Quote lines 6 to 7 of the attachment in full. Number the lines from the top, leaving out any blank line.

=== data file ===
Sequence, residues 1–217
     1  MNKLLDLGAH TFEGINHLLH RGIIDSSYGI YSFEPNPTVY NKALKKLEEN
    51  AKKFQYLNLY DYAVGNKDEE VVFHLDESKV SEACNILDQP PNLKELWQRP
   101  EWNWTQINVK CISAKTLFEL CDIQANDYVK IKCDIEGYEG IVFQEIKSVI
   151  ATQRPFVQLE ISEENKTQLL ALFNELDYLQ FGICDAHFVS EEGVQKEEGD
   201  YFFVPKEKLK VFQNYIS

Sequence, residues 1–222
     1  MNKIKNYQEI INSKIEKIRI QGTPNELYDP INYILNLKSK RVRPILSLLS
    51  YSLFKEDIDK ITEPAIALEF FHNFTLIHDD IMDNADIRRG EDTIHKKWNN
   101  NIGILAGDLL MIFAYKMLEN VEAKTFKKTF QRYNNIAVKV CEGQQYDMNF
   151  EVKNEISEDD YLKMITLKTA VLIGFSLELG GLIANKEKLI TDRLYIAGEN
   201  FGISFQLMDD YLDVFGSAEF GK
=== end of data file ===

   201  YFFVPKEKLK VFQNYIS

Sequence, residues 1–222